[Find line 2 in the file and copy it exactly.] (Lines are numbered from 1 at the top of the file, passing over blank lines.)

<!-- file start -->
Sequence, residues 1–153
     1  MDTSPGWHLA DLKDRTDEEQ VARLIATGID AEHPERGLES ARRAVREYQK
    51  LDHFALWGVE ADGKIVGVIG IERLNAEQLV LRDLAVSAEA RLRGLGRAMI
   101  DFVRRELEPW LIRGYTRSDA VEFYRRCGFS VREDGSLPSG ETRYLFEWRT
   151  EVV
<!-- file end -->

     1  MDTSPGWHLA DLKDRTDEEQ VARLIATGID AEHPERGLES ARRAVREYQK